Vatican City Taxis and Car Rental
Rome taxis can be used to access the Vatican, which has no taxi firms of its own. However, they are notoriously expensive, albeit metered, yet can be convenient and fast depending on route and time of day. Taxis should be hired from taxi stands, found at all squares and transport stations, rather than flagged down in the street. Phoning a taxi in advance is not popular as the meter starts running when the taxi is summoned rather than at the start of the passenger’s journey. It is best to only use licensed taxi services such as Assotaxi (+39-339-333-3414).
Vatican City Trains and Buses
Long distance rail passengers arriving in Rome will disembark at Termini Station, but other major stations include Ostiense, Tuscolana, Trastevere, and Tiburtina. The Vatican is connected to Rome’s rail network via St Peter’s Station; however, only freight services use this line. A better and affordable way to access the Holy See is by metro, with Rome’s Line A running northwest past the Vatican and another line running southwest to attractions such as the Colosseum. Metro services start early and end between 11:30 p.m. and 2:00 a.m. Avoid traveling by metro during rush hour if possible as trains can become very crowded.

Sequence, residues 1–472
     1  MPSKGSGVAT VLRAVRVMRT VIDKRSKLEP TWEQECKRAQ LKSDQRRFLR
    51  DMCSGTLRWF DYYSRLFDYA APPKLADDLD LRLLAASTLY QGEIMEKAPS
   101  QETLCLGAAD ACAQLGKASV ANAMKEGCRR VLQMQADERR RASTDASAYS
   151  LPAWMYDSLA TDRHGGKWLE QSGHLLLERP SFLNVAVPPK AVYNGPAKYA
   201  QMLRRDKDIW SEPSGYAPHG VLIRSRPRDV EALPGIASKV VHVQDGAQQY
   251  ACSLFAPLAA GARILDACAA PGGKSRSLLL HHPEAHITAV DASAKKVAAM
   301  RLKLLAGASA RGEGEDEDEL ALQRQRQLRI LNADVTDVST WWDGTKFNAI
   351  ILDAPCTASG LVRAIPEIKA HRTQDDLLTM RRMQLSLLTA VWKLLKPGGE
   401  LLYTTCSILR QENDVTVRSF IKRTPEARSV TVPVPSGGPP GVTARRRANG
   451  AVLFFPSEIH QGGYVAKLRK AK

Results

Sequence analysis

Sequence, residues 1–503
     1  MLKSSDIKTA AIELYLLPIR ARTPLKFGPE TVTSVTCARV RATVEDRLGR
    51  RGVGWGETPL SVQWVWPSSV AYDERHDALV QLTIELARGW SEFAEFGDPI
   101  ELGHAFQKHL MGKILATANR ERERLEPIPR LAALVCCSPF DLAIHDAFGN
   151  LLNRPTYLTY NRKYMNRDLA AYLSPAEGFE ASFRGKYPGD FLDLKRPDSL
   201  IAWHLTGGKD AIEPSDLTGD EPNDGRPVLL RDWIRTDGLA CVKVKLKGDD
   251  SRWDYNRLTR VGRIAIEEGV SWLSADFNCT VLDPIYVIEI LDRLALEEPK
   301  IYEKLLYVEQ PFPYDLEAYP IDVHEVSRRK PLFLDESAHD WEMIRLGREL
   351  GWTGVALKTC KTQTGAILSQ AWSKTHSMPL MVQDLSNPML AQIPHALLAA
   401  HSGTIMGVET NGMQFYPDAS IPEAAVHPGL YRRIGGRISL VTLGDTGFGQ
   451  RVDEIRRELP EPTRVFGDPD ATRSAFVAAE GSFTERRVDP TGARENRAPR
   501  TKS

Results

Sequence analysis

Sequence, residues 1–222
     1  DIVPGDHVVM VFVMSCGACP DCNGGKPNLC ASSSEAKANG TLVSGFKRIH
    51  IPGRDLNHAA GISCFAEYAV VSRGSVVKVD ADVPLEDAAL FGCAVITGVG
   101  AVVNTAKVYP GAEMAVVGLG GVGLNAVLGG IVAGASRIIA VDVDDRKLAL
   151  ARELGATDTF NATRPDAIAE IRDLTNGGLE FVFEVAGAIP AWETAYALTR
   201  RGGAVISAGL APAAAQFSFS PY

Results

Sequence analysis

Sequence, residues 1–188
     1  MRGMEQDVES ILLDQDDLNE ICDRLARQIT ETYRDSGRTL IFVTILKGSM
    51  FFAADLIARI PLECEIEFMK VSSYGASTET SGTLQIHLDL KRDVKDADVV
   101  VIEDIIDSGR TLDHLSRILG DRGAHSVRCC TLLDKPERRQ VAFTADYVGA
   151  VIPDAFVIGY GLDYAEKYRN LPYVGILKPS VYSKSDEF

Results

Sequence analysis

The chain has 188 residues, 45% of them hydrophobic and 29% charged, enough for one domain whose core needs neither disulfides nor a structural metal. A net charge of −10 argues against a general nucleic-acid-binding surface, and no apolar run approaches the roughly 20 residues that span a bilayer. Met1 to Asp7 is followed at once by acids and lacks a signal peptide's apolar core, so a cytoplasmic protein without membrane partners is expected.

Rome buses are cheaper than the metro but trickier for tourists to navigate and can also get very crowded. Bus stops have signs indicating the routes of the various bus numbers which serve them, with services running every 10 minutes in peak times and every 30 minutes at other times. The number 23 bus originates in San Paolo and passes through Ostiense en route to Piazza Risorgimento for access to the Vatican Museums. The number 81 connects Piazza Venezia with St Peter and Piazza Risorgimento for the Vatican Museums. The number 40 express leaves from Termini for the historic center and Castel Sant’Angelo, which is connected to the Vatican. Unfortunately, routes which connect with the Vatican are popular among pick pockets so beware of your belongings when traveling by bus.